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Quake-Damaged Simi High Is Reopening : Aftermath: Major repairs, including asbestos removal, are completed. Students have been going to class at rival Royal campus.

March 10, 1994|BRENDA DAY | SPECIAL TO THE TIMES

Nearly two months after Simi Valley High School was closed because of earthquake damage, the campus will reopen Wednesday, welcoming back students who have been attending cross-town rival Royal High on a split schedule.

Major repairs at Simi Valley High have been completed, including asbestos removal that forced the 2,100-student school to open shop at Royal for several weeks, officials said Wednesday. To ease the transition back to Simi High, next Wednesday and Thursday will be half days there, running from 8 a.m. to 12:50 p.m., officials said. Students across the district will have March 18 off.

"Everybody's really looking forward to it, and they're very anxious," said Simi Valley Unified School District Supt. Mary Beth Wolford. "We want to make it as smooth a transition as possible."

Major structural problems will keep the gym and multipurpose room off-limits. The district has yet to receive an estimate for repairs on those two buildings, which could run as high as $1 million. Total damage at Simi Valley High is estimated at $3 million, officials said.

Even with most repairs completed, students may notice minor cracks and refinishing work that still needs to be done, Assistant Supt. Ralph Wilson said.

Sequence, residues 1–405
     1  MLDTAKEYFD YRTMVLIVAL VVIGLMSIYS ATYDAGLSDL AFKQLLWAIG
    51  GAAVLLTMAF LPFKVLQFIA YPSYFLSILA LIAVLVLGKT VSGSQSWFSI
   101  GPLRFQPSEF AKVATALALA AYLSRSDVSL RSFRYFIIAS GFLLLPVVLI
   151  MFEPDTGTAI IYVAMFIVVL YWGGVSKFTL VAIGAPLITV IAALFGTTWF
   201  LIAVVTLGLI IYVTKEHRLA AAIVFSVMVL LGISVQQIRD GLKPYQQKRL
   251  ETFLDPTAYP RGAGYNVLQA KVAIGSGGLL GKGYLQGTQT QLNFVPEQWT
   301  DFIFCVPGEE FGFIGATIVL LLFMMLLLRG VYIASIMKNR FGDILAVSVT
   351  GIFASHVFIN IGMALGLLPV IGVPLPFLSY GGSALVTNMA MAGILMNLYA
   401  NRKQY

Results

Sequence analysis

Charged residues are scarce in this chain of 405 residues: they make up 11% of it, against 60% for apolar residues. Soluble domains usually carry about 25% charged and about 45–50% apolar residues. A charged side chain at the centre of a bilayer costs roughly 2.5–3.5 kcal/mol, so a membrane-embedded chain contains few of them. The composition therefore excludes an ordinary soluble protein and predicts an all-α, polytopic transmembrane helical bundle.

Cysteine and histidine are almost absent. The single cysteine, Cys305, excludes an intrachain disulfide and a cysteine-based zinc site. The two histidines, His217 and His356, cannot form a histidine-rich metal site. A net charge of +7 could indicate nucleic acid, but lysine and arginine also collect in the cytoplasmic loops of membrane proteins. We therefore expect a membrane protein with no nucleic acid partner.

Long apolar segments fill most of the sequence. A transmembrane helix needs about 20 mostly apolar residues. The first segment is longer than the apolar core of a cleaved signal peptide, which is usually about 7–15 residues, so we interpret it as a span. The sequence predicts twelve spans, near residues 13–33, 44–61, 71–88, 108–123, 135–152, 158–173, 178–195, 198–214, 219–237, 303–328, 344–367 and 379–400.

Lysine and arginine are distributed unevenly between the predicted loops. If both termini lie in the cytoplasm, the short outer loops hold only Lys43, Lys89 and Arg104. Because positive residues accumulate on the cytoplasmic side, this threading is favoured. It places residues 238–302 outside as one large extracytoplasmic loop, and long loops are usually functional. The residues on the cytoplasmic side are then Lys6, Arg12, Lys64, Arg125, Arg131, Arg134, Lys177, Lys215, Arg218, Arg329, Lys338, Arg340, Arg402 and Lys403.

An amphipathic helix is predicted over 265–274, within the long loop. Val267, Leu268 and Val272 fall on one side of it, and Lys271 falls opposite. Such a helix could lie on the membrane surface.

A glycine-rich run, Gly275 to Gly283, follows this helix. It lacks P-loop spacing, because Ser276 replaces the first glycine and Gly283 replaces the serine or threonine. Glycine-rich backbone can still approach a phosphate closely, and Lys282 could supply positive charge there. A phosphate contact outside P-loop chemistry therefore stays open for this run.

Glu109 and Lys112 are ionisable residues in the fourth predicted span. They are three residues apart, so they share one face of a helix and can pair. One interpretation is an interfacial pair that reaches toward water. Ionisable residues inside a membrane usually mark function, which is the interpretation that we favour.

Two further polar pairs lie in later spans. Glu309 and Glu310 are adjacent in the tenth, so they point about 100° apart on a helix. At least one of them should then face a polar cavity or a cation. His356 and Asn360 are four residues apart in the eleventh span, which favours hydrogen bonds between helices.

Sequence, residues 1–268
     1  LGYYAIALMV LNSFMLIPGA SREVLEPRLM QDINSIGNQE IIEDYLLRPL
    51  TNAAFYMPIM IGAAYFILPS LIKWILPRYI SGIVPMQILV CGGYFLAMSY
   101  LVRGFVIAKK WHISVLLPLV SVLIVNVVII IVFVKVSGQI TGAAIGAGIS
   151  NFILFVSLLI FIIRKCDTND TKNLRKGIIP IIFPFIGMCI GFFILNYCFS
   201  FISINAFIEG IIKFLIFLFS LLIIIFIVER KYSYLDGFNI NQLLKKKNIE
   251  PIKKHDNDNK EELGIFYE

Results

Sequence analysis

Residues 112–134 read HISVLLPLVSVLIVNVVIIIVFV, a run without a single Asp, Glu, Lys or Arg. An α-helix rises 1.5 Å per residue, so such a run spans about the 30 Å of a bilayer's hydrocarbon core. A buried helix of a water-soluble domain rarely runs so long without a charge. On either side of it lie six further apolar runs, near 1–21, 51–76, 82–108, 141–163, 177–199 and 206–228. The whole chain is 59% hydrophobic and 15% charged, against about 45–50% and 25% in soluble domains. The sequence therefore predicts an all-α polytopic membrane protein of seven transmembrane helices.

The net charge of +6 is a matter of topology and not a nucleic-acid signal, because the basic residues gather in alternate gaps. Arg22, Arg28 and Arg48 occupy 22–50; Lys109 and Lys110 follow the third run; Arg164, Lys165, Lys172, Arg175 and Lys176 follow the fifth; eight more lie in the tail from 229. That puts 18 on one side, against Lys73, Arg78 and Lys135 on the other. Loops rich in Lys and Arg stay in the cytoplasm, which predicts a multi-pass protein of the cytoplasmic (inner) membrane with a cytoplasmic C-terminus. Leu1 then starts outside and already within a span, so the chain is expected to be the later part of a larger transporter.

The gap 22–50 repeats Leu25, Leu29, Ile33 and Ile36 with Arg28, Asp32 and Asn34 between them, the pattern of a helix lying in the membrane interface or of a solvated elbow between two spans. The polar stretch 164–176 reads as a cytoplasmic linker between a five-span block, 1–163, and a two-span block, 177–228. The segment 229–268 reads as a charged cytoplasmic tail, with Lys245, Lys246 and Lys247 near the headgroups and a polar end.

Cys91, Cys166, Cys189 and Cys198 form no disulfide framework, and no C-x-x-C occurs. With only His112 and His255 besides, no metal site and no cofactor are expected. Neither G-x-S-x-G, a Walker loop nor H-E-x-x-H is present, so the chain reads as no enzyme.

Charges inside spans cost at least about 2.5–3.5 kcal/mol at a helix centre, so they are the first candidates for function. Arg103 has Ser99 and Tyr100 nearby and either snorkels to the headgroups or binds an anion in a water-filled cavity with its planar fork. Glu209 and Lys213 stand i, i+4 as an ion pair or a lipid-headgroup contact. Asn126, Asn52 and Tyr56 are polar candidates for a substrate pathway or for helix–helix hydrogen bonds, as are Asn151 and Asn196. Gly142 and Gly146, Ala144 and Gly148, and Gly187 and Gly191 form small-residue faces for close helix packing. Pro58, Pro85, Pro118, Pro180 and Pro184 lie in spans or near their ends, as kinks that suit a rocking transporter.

"We'll probably be doing cosmetic work for the next several months, I'm sure," Wilson said.

Royal and Simi Valley high students have been sharing a campus since Jan. 27, with Royal students attending from 7 a.m. to 11:30 a.m. and Simi Valley students going from noon to about 5 p.m.

Despite their longstanding rivalry, the students pulled together to make the arrangement work, Wolford said.

"I'm very proud of the students, especially for the fine way they've shared a school under the most difficult of circumstances," she said.

Handling a double load of traffic proved to be the most difficult adjustment for school officials, with only a 30-minute buffer to move out one student body and bring in the next one.

Simi Valley High senior Melissa Beckham, 17, said she and most of her friends are looking forward to getting back to a normal schedule at their home school. But not all students agree, Melissa said.

"I've talked to a couple that are used to sleeping in now," Melissa said.

All told, the district has sustained more than $5 million in damage from the Jan. 17 Northridge earthquake. Two other schools, Valley View Junior High and Township Elementary School, were closed for a week by the magnitude 6.8 quake.

Wilson said he expects the district to receive 90% or more of the cleanup and repair costs from the state and federal governments. The district has received $1 million in grant money so far, Wilson said.

"We're drowning in paperwork, but so far FEMA has been great," Wilson said, referring to the Federal Emergency Management Agency responsible for doling out much of the relief.

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